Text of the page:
Tilting Towards Israel

Journalist Jonathan Cook Reveals The Bias In ‘Balance’ On Israel-Palestine

Towards the end of last year, we sent out two media alerts – Put The Palestinians On A Diet and Too Toxic To Handle? – about the corporate media’s failure to report the release of documents detailing Israel’s deliberate policy of near-starvation for Gaza. “The idea”, explained a senior Israeli official, “is to put the Palestinians on a diet, but not to make them die of hunger.” The human rights group Gisha published explicit Israeli formulas for the amount of food, animal feed and poultry to be allowed into Gaza, and the cold calculation of “breathing space”: the number of days before these essential supplies would run out.

We exposed the near-uniform silence of the media to these shocking revelations, as well as the media’s failure to respond to many impassioned and articulate emails from the public. A rare exception, triggered by Media Lens’ revelations, was provided by Mehdi Hasan in the small-circulation New Statesman last week.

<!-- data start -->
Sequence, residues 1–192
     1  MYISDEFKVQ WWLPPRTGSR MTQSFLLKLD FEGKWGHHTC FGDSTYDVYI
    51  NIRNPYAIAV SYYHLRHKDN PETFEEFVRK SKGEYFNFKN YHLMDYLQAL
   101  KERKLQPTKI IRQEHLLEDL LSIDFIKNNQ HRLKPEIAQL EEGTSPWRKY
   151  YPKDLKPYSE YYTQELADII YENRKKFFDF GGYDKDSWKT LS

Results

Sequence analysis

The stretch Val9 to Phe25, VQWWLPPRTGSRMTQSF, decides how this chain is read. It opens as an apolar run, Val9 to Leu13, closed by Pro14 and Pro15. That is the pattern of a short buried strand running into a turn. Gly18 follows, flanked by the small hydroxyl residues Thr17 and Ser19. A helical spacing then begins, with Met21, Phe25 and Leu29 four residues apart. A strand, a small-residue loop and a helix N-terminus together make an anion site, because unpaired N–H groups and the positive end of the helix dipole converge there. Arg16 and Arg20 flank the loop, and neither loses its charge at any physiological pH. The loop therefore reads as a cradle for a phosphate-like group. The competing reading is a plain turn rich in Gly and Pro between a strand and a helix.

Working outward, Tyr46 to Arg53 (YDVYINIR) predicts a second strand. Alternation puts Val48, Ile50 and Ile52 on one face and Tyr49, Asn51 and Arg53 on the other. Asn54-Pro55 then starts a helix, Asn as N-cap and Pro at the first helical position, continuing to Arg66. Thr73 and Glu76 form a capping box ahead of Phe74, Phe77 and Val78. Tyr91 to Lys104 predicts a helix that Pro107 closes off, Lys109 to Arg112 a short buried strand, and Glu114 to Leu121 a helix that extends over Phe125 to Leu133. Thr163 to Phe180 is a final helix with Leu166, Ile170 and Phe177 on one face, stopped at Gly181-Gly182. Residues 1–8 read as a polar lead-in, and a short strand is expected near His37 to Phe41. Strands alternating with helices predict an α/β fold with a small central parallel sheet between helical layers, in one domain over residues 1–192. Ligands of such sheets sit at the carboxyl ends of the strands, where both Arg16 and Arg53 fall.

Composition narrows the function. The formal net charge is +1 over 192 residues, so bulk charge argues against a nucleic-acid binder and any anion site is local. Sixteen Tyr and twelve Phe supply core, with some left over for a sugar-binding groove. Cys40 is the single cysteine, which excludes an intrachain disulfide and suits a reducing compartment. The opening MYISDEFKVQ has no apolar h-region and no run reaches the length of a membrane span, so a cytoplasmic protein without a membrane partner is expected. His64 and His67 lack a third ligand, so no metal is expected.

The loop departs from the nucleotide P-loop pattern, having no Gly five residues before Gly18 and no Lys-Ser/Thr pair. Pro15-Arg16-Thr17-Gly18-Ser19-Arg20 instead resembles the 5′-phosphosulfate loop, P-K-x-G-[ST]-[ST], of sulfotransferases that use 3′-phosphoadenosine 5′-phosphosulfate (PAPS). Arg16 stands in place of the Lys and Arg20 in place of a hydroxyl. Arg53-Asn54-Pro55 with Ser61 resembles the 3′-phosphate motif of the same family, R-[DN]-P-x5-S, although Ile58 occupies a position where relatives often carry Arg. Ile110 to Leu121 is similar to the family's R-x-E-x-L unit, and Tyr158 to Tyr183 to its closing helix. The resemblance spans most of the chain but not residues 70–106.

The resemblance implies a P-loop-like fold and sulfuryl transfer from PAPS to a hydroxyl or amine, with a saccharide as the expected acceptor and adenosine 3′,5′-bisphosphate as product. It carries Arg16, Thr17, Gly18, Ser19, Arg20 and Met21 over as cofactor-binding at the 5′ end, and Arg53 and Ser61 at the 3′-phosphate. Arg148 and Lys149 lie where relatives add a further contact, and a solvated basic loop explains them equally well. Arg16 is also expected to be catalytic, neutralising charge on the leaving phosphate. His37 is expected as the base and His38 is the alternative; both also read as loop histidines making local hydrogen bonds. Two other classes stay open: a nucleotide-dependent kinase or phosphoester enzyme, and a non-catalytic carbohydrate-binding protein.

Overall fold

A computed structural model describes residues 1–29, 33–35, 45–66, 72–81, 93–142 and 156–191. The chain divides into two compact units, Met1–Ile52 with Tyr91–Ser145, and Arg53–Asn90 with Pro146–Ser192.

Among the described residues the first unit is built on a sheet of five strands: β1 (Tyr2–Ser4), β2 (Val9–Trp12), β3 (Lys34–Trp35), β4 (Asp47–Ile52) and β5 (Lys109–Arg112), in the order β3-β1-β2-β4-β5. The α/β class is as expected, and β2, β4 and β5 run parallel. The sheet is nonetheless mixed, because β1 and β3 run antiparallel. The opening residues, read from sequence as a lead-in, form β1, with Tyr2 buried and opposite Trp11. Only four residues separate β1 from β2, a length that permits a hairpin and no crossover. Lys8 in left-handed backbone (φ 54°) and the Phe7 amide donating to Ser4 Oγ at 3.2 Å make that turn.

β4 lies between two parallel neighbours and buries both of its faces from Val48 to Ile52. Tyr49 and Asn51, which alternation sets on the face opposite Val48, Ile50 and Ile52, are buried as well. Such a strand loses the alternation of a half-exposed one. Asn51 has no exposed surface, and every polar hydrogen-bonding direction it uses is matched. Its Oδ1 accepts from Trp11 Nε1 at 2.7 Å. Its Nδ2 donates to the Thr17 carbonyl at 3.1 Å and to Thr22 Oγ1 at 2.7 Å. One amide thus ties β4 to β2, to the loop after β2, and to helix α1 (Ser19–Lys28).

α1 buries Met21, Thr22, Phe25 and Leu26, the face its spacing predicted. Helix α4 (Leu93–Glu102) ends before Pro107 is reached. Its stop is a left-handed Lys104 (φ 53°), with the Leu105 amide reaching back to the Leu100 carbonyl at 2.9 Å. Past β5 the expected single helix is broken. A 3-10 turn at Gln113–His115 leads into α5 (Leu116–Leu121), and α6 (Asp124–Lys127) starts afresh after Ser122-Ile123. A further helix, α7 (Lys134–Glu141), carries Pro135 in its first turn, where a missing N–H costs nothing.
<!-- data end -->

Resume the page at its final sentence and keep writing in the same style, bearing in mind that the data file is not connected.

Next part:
This whole episode is yet another example of the supposed truth seekers of the fourth estate being both supine to power and dismissive of the public. For a better understanding of why this might happen in the case of Israel-Palestine, we are fortunate to be able to turn to the authentic insight and bravery of a journalist like Jonathan Cook. He is rare indeed: someone with inside knowledge of how the media operates who is prepared to speak out. A recent Cook article gives a superb account of his experiences in trying to report honestly on the Middle East, first for the Guardian, and later as an independent journalist based in Nazareth (full unabridged version).

His article will be painfully awkward reading for corporate editors and journalists; not least for those at his former employers, the Guardian. But also for the BBC whose managers and editors constantly proclaim the “impartiality” of their reporting from the Middle East. For the rest of us, Cook’s analysis is a welcome blast of sunlight illuminating many dark corners of the media propaganda system.

Jonathan Cook very kindly provided Media Lens with an edited version of his article for this guest media alert. He begins by explaining why he was attracted to journalism in the first place.

Jonathan Cook On The Limits of Reporting on Israel-Palestine